Following my posting on the sandwich issue of the NYT Food section, a Facebook discussion sprung up about the sandwich beef on weck; what, people wondered, was weck? The answer is partly about food, and partly about the German and English languages.
This cartoon links to a long series of strips on the invented cartoon character Happy Boy in the town of Prosaic (a “normal” place close to the surreal Dingburg) — a series that I find tedious (and linguistically uninteresting) and haven’t posted about. But here we get amazing elephants (note the cartoon’s title “Tusk, Tusk”, a play on tsk tsk) and a pointer to movies with titles using the snowclonic pattern “X Must Die!”.
In the print edition of the NYT that came to me yesterday, in David Brooks’s op-ed piece “When Cultures Shift”, about postwar America:
Magazines ran articles on the wonderful lifestyle changes that were going to make lives easier — ultraviolent lights that would sterilize dishes in place of dishwashing.
An astonishing prediction — kill those bacteria by brute force!
Ok, it’s an error, which I’d label a typo if it seemed likely to have been induced by a slip on the part of the writer or an editor. But I suspect the involvement of technology.
Of course, it was immediately corrected to ultraviolet on the paper’s website.
An xkcd (from 9/5/14) that I seem to have overlooked:
The sevens here: Disney’s seven dwarfs, the seven major taxonomic ranks, the seven continents, the seven deadly sins, seven layer dip, the seven layers of the OSI model [Open Systems Interconnection model], the seven wonders of the ancient world.
In the mouseover, we get more: seven days of the week, the Seven Sisters colleges, the seven seas, the seven colors of the rainbow, the Pleiades (seven sisters), the seven Habits of Highly Effective People, the seven seals in the Book of Revelation.
The number 7 is freighted with meaning.
Today’s morning name was Gary Owens. From Wikipedia:
Gary Owens (born Gary Bernard Altman; May 10, 1934 – February 12, 2015) was an American disc jockey and voice actor. His polished baritone speaking voice generally offered deadpan recitations of total nonsense, which he frequently demonstrated as the announcer on Rowan & Martin’s Laugh-In. Owens was equally proficient in straight or silly assignments and was frequently heard on television, radio and in commercials.
He was best known, aside from being the announcer on Laugh-In, for providing the voice of the titular superhero on Space Ghost. … Owens’ first cartoon voice acting was performing the voice of Roger Ramjet on the Roger Ramjet cartoons.
… Owens started his radio career in 1952 as a news reporter at KORN, Mitchell, South Dakota and two years later was promoted to news director.
I was then reminded of the many Garys and Garrys in the entertainment world. A sampling follows.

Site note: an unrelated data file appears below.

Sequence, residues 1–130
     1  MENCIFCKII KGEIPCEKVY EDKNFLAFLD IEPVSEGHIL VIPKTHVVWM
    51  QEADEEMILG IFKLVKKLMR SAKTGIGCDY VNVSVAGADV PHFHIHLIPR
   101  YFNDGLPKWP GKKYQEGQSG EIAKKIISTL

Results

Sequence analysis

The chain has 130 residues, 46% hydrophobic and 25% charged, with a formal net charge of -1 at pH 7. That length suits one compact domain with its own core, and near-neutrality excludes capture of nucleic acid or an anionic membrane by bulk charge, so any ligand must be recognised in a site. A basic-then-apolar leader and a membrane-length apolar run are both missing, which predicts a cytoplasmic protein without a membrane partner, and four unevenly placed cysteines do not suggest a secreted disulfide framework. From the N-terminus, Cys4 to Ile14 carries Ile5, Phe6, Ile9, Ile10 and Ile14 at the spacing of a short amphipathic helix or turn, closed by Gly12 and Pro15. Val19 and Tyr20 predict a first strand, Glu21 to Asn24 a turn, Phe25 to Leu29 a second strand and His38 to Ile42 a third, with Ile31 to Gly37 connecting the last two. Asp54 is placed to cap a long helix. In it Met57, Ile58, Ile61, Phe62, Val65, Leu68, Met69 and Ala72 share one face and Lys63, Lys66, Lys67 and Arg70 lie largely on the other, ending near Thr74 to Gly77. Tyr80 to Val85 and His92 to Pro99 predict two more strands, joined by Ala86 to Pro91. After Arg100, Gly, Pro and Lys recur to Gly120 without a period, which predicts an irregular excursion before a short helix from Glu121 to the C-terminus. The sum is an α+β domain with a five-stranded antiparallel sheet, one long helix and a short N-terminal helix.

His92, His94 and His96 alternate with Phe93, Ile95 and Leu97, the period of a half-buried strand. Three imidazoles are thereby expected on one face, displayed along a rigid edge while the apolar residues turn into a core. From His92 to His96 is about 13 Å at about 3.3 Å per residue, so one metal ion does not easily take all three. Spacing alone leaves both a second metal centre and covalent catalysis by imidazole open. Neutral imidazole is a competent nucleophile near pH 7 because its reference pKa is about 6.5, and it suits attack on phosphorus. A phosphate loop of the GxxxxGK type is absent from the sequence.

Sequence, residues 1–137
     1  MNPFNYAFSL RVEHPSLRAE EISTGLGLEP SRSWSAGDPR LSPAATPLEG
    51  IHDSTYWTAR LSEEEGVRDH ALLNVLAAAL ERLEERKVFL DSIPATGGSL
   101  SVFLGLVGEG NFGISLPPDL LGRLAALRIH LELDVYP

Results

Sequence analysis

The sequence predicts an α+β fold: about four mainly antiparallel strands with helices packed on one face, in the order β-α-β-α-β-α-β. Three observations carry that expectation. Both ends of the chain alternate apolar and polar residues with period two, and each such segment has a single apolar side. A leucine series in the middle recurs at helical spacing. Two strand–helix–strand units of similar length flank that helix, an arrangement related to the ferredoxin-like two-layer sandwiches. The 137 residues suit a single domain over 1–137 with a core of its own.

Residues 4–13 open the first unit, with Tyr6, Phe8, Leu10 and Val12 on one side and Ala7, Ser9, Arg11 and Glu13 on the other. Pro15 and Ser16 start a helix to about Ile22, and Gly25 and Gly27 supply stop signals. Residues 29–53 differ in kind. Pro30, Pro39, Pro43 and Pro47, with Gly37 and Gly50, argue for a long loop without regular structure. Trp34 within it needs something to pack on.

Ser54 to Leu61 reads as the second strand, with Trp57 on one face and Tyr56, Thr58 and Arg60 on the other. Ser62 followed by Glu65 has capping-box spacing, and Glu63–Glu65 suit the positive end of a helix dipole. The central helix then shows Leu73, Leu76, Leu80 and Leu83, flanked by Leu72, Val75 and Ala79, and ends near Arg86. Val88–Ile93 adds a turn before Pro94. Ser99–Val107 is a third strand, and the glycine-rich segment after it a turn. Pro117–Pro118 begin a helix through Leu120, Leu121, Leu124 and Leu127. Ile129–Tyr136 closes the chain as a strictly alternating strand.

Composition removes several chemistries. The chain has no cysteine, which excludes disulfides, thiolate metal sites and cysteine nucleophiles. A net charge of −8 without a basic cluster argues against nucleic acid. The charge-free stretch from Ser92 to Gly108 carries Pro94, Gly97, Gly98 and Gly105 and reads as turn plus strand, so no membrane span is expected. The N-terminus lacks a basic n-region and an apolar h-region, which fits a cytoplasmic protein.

Caught in a tv commercial this morning, for the Mighty Blaster Fireman’s Nozzle (“as seen on TV”). From the copy:
Mighty Blaster Fireman’s Nozzle is the first-ever household sprayer with the power and precision of a real fireman’s nozzle, with 50% more power than regular hose nozzles.
You can watch the whole commercial, or just study this still shot:
Hoses are such natural phallic symbols that the makers and sellers of the Mighty Blaster might not have appreciated the possible readings of their ads.
In the April 20th New Yorker, a fascinating story of a lost, and eventually found, Tlingit totem pole, in the Our Far-Flung Correspondents category: “The Tallest Trophy: A movie star made off with an Alaskan totem pole. Would it ever return home?” by Paige Williams.
In the midst of this, a portmanteau, Barrymoreabelia, combining Barrymore [John Barrymore, the actor in question] and memorabilia: ‘Barrymore memorabilia’. I suspect that the element -abelia has been “liberated” as an affix of its own — a libfix — but this is very hard to test, given the existence of a plant, the flowering shrub abelia (which I’d been meaning to post about, but this isn’t the occasion).
A Liam Francis Walsh cartoon in the latest (April 20th) New Yorker:
A mashup — a kind of portmanteau — of two movies: the 1951 film adaptation of Tennessee Wiliams’s dramatic play A Streetcar Named Desire, with Marlon Brando as Stanley Kowalski (and Kim Hunter as his wife Stella); and the 1998 comedy The Big Lebowski, with Jeff Bridges as The Dude. The scene setting (with Dude Stanley at the bottom of an ornate stairway, calling up to Stella) shows Stanley from Streetcar; but Dude Stanley looks, dresses, and talks like The Dude.
The Food section of the New York Times yesterday was The Sandwich Issue: 11 pages on:
PILE IT HIGH. In the space between two slices of bread lies a world of possibilities, from sub to club, from po’ boy to beef on weck and beyond. Here, we celebrate everything that makes a great sandwich.
A series of stories (from many hands) on sandwiches, with extensive details about particular sandwiches, their variants from place to place, their differing names, and so on. Great stuff, which I hope the NYT will transform from the broadsheet format on cheap newsprint to a ordinary book with high-quality photos.
On AZBlogX, a piece on “Titan faces”, about facial expressions in gay porn, focusing on two new releases from TitanMen, Friends with Benefits and Men at Work, and on the pornstars featured on the front covers of the DVDs: Hunter Marx, George Ce, Eric Nero, and Nick Prescott. (Note: all this material is wildly X-rated, showing (in fact, celebrating) full frontal nudity and raw man-man sex.
Then we notice that the covers of the DVDs (cropped here) show the actors smiling broadly:
Friends with Benefits (Marx, Ce)
Hard at Work (Nero, Prescott)
But as is customary in this genre, there are virtually no smiles in the films, and of course the men shown having sex with one another are unsmiling; instead, they are either intensely and seriously focused (“men at work”) in their sex acts or ecstatically abandoned to them.